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The ACCU passes on review copies of computer books to its members for them to review. The result is a large, high quality collection of book reviews by programmers, for programmers. Currently there are 1918 reviews in the database and more every month.
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Exceptional C++
Herb Sutter
Alan Griffiths
advanced c++
Appeared in:
Let me save you some time: if you are interested in making effective use of C++ then this is a good book, buy it!

Oh, you want to know more...

Over two thousand years ago Plato describes how the philosopher Socrates experimented with a form of teaching based on the student answering a series of questions that leads them to a new insight. Since the mentor never directly teaches this insight Socrates concluded that the student must, at some level, have already known it. The mentor only serves to remind the student of this knowledge.

If you work through the problems inExceptional C++you will be surprised at how much you already know about C++.

Herb Sutter has been honing his question setting skills with his regular "Guru of the Week" postings to comp.lang.c++.moderated. These take the form of puzzles to be tackled by "all comers" and the author of the best answer is pronounced "Guru of the Week". These puzzles are grounded in the issues raised by trying to do software engineering in C++. Anyone that has set questions for a quiz will appreciate the amount of work that goes into setting such an exercise.

It has to be said that a fair proportion of the material in the book has already appeared on usenet. However it has been reworked into a more extended form to isolate the individual points and to develop themes. On the occasions the contributions made by others on usenet have been included in the book these contributions are acknowledged.

The book is no mere collation of usenet postings. Not only have the opportunities for improving the presentation in book format been exploited but there is also a significant amount of new material.

There are forty seven questions in the book arranged into eight thematic chapters. These have a broad range but are all of relevance to the practicing C++ developer...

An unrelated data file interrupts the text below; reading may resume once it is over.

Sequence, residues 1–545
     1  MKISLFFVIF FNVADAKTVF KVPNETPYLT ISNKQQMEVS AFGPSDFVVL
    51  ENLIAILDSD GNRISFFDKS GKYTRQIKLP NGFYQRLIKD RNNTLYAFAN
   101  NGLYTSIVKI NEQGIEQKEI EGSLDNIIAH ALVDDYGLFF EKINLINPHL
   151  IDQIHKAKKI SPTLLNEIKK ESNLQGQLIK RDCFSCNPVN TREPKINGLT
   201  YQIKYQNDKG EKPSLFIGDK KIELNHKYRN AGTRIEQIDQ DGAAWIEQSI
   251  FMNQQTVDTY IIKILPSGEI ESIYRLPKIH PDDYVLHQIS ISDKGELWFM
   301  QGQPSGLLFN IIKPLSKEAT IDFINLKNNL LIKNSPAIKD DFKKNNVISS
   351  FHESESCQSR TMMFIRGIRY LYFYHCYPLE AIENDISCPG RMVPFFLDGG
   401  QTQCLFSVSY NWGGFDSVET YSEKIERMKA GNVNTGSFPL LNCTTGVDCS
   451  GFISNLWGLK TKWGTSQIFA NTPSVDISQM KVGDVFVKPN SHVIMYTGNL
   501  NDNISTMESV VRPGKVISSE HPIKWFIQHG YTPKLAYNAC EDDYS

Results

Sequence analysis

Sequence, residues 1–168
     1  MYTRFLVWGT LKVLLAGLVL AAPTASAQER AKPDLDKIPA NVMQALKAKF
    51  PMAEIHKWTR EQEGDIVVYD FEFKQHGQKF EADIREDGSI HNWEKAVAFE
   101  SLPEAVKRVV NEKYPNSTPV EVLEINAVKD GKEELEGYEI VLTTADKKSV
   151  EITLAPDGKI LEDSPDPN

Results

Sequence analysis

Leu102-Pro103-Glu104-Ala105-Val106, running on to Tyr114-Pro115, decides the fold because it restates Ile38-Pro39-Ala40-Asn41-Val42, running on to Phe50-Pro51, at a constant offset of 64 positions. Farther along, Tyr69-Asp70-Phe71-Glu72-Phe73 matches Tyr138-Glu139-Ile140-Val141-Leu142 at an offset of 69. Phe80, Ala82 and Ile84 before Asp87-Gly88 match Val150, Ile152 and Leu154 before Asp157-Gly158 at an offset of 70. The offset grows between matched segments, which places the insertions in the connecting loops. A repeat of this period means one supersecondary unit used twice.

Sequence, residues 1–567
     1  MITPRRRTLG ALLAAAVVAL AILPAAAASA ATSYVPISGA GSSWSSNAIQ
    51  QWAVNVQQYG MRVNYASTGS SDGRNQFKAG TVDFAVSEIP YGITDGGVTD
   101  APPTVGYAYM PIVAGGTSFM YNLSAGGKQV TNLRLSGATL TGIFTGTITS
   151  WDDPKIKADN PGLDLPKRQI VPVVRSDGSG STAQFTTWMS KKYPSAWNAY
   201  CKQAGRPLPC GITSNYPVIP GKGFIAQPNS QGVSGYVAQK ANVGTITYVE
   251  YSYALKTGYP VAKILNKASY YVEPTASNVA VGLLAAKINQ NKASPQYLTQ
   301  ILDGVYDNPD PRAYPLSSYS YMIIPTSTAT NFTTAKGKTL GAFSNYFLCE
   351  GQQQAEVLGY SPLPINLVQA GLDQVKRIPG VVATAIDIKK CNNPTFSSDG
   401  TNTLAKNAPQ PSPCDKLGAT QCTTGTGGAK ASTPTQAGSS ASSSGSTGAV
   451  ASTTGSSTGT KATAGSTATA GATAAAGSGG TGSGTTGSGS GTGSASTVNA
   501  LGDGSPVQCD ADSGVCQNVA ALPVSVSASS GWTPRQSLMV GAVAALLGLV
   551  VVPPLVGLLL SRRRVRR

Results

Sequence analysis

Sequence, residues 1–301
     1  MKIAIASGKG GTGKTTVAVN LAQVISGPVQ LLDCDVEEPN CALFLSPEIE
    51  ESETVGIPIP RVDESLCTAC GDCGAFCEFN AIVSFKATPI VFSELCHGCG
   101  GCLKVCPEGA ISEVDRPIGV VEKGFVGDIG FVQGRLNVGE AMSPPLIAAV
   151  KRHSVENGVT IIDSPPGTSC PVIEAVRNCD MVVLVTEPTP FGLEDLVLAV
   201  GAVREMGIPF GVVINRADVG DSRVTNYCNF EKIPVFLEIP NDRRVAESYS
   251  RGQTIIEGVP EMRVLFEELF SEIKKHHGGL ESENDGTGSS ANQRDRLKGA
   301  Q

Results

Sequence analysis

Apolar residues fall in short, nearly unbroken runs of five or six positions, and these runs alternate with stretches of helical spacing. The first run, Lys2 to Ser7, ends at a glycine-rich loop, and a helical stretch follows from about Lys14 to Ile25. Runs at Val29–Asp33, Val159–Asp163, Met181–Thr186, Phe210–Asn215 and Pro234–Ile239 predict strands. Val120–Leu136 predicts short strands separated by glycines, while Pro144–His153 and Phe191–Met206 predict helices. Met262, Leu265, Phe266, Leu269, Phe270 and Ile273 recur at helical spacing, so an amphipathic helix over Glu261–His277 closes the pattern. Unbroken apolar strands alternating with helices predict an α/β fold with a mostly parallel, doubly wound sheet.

"Generic Programming and the C++ Standard Library" covers a variety of ways in which the the standard containers, iterators and algorithms interact and can be adapted. In the midst of all this there is an answer to the perennial question of creating a "case insensitive string" class.

"Exception-Safety Issues and Techniques" develops many of the techniques required to write exception safe code - and more importantly an understanding of the various levels of exception safety and the engineering trade-offs between them. This is the only section in which I've found a significant error - in a question on code complexity I found 31 paths out of a claimed maximum of 23 (Herb actually counts branch points, not paths - and I'd missed some).

"Class Design and Inheritance" deals with the principles of class design. Various abuses of inheritance, operator overloading, and composition techniques are explored in the context of improving the design of code fragments.

"Compiler Firewalls and the Pimpl Idiom" explores techniques for managing the physical dependencies between translation units. (That means minimising the number of secondary headers included in each header file.) "Name Lookup, Namespaces, and the Interface Principle" expores the ways in which scopes interact for the compiler to find the named function or class. Some of these interactions are surprising, and some are problematic, but working through these examples you will come to understand the rationale behind the current rules.

"Memory Management" develops guidelines for managing the various types of memory used in C++ (did you know there are five?).

The remaining sections "Traps, Pitfalls, and Anti-Idioms" and "Miscellaneous Topics" don't have unifying themes, but are still full of challenging points.

To get full value from this book you must be willing to stop and think about the questions as they are posed. The format doesn't help with this, since the solutions often follow immediately. It can sometimes be hard to stop the eyes drifting. Without years of practice with Bridge books many of which have the same problem I doubt that I'd have managed as well as I did.

Personally I'd favour an extra couple of dozen pages strategically inserted so that the questions always appear alone on the right hand page. But this is a minor quibble with an excellent book. I look forward to the sequel.